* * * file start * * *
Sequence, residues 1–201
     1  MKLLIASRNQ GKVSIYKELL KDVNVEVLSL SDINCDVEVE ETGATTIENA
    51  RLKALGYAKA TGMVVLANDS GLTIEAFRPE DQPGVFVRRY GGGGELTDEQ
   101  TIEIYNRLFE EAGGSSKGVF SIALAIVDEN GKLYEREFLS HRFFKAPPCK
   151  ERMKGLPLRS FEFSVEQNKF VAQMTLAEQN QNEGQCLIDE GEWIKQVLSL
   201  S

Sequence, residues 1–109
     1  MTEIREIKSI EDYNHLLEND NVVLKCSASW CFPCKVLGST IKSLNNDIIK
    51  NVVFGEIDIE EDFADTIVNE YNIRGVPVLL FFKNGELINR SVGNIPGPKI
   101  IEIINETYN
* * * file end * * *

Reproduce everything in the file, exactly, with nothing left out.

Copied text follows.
Sequence, residues 1–201
     1  MKLLIASRNQ GKVSIYKELL KDVNVEVLSL SDINCDVEVE ETGATTIENA
    51  RLKALGYAKA TGMVVLANDS GLTIEAFRPE DQPGVFVRRY GGGGELTDEQ
   101  TIEIYNRLFE EAGGSSKGVF SIALAIVDEN GKLYEREFLS HRFFKAPPCK
   151  ERMKGLPLRS FEFSVEQNKF VAQMTLAEQN QNEGQCLIDE GEWIKQVLSL
   201  S

Sequence, residues 1–109
     1  MTEIREIKSI EDYNHLLEND NVVLKCSASW CFPCKVLGST IKSLNNDIIK
    51  NVVFGEIDIE EDFADTIVNE YNIRGVPVLL FFKNGELINR SVGNIPGPKI
   101  IEIINETYN